World leaders warned Friday that the world has become a more dangerous place and urged restraint after the U.S. assassinated Iran’s top general, although Britain and Germany suggested that Iran shared blame for provoking the targeted killing that dramatically ratcheted up tensions in the Middle East.
China, Russia and France, all permanent members of the U.N. Security Council, took a negative view of the U.S. airstrike near Baghdad’s airport early Friday that killed Gen. Qassem Soleimani.
The White House said in a tweet that Soleimani, who led the elite Quds Force responsible for Iran's foreign campaigns, “was actively developing plans to attack American diplomats and service members in Iraq and throughout the region.”
“We are waking up in a more dangerous world. Military escalation is always dangerous,” France's deputy minister for foreign affairs, Amelie de Montchalin told RTL radio. "When such actions, such operations, take place, we see that escalation is underway.”
U.N. Secretary General Antonio Guterres said the world could not afford another Gulf war.
"The secretary-general has consistently advocated for de-escalation in the Gulf," a spokesman for Guterres said in a statement.
"This is a moment in which leaders must exercise maximum restraint. The world cannot afford another war in the Gulf."
Russia offered condolences to Iran while condemning the attack.
"We consider the murder of Soleimani as a result of an American missile strike on the outskirts of Baghdad as an adventurous step that will lead to an increase in tension in the entire region. Soleimani has faithfully served the cause of protecting the national interests of Iran. We express our sincere condolences to the Iranian people," the Russian Foreign Ministry said in a statement.
China described itself as “highly concerned.”
“Peace in the Middle East and the Gulf region should be preserved,” Chinese Foreign Ministry spokesman Geng Shuang said. "We urge all parties concerned, especially the United States, to maintain calm and restraint and avoid further escalation of tensions.”
But while echoing the concerns of other Security Council members about spiraling tensions, Britain and Germany broke ranks, voicing qualified understanding for the U.S. position.
German government spokeswoman Ulrike Demmer described the U.S. strike as “a reaction to a whole series of military provocations for which Iran bears responsibility,” pointing to attacks on tankers and a Saudi oil facility, among other events.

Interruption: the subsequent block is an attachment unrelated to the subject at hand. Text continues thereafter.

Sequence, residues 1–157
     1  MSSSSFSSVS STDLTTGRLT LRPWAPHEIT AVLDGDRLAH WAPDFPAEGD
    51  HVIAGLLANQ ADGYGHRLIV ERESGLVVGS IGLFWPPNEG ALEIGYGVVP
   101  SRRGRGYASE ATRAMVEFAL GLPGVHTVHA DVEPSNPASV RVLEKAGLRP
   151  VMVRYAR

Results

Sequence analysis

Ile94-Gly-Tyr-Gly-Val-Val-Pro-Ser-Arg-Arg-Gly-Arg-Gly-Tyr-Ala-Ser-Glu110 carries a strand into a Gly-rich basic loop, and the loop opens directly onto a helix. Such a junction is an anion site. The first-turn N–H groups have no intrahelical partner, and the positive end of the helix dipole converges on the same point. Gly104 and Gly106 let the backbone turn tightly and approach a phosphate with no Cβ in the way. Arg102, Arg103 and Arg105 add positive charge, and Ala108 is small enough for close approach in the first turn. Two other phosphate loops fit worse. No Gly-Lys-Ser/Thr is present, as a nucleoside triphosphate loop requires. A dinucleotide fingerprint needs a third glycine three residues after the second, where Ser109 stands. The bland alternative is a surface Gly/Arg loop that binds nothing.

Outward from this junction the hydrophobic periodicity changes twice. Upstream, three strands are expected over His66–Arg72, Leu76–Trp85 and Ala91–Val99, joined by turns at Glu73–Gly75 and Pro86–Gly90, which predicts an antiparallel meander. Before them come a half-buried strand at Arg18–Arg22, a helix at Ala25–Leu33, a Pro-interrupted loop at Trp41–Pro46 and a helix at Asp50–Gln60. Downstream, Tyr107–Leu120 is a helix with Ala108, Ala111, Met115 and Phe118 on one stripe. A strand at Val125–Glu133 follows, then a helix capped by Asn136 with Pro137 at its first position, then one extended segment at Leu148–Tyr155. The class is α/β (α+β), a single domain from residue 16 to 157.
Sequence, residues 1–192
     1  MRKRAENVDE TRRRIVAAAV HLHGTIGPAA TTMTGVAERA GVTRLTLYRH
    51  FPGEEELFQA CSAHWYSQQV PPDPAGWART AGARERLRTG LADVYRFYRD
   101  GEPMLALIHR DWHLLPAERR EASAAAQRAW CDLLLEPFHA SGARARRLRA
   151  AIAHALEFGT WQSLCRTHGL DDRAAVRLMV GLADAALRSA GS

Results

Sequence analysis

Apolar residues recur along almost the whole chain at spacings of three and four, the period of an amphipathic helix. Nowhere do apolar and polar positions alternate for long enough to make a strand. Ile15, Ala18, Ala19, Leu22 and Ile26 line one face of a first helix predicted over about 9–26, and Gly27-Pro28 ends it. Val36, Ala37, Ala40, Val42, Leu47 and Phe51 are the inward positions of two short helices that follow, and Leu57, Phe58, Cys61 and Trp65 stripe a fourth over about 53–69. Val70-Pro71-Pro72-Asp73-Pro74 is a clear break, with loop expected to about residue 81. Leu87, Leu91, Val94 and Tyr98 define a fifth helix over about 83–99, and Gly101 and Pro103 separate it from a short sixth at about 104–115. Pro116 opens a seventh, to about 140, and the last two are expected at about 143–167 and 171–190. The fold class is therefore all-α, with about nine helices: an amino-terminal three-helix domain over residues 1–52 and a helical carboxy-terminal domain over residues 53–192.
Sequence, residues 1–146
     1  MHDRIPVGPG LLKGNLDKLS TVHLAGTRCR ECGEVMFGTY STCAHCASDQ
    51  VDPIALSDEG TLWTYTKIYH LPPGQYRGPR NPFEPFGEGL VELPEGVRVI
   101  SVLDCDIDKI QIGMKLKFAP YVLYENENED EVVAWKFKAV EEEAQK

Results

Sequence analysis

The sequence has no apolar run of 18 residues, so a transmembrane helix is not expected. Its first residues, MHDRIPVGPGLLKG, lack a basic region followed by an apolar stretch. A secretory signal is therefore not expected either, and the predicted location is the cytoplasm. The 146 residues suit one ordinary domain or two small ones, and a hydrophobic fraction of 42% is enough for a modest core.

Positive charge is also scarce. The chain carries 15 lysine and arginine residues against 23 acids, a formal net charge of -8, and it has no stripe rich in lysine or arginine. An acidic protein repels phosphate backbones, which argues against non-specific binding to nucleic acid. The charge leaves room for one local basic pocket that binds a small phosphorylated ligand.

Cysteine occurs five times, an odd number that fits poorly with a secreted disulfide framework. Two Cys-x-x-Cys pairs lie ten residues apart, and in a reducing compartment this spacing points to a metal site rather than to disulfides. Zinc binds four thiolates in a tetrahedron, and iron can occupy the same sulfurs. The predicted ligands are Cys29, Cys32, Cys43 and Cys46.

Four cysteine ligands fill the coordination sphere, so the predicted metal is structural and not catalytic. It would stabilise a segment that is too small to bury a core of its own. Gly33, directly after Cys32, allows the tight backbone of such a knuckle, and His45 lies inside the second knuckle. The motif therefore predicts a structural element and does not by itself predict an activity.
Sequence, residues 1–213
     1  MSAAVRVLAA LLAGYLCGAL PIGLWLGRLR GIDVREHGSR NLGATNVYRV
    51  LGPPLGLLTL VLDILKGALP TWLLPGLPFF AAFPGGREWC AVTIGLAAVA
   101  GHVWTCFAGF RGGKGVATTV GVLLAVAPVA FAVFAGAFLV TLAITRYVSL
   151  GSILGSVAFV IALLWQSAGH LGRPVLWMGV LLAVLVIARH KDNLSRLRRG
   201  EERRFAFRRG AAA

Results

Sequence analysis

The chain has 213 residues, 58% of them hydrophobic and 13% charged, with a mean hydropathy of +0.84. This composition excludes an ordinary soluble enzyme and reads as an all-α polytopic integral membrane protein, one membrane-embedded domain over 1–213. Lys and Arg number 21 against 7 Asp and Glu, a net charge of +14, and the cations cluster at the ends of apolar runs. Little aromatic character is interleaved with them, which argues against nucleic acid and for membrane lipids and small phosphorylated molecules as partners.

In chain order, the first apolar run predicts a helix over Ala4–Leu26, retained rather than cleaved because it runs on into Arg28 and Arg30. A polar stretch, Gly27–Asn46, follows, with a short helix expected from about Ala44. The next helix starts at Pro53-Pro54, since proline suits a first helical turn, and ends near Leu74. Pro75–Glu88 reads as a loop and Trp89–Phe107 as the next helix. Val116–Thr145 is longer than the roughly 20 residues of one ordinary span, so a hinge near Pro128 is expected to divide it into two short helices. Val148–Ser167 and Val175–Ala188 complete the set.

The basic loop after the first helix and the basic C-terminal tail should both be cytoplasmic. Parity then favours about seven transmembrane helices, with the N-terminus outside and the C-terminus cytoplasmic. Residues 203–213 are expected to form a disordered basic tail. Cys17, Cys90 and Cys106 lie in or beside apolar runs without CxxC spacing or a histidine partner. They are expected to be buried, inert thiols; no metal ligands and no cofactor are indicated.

“We are at a dangerous escalation point and what matters now is contributing with prudence and restraint to de-escalation," she said. Germany currently sits on the U.N. Security Council but is not a permanent member.
The British foreign secretary, Dominic Raab, said “we have always recognized the aggressive threat posed by the Iranian Quds force led by Qasem Soleimani."
“Following his death, we urge all parties to de-escalate," he said. “Further conflict is in none of our interests.”
Montchalin, the French minister, indicated urgent reconciliation efforts are being launched behind the scenes. French President Emmanuel Macron and his foreign minister were reaching out to “all the actors in the region,” she said.
In the Middle East, the strike provoked waves of shock, fury and fears of worse to come.
Iraqi Prime Minister Adil Abdul-Mahdi on Friday slammed the killing.
The airstrike is a "breach of Iraq’s sovereignty," Abdul-Mahdi said in a written statement. This act may lead to a war in Iraq, the region and the world, he added.
The airstrike also killed Abu Mahdi al-Muhandis, the deputy commander of Iran-backed Hashd al-Shaabi militant group or Popular Mobilization Units.
Abdul-Mahdi stressed that Soleimani and al-Muhandis were the symbols of victory against the Daesh terrorist group.
He added that the strike also breaches the conditions for the presence of the U.S. forces in Iraq.
Abdul-Mahdi said he invited the Parliament to convene an extraordinary session to take legislative actions that would safeguard Iraq's dignity, security and sovereignty.
Conveying condolences to Iran for the killing of Soleimani, Iraqi Shia cleric Muqtada al-Sadr on Friday ordered the Al-Mahdi Army and Yawm Al-Mawoud Brigade to be ready to protect Iraq.
Al-Sadr stressed that the U.S. attack will not end their struggle and determination.
Iraq’s most powerful Shiite religious leader, Grand Ayatollah Ali al-Sistani, said in a speech during Friday prayers that the country must brace for "very difficult times."
In Iran, a hard-line adviser to the country’s supreme leader who led Friday prayers in Tehran likened U.S. troops in Iraq to “insidious beasts" and said they should be swept from the region.
“I am telling Americans, especially Trump, we will take revenge that will change their daylight into a nighttime darkness," said the cleric, Ayatollah Ahmad Khatami.
The Palestinian Hamas group also mourned Soleimani's death.
"Hamas mourns commander Soleimani and the Iraqi martyrs who were killed today in a U.S. airstrike," said the Hamas statement.
Lebanon's foreign ministry condemned the killing, calling it a violation of Iraqi sovereignty and a dangerous escalation against Iran.
The ministry also called for the country and wider region to be spared any repercussions from the U.S. strike.
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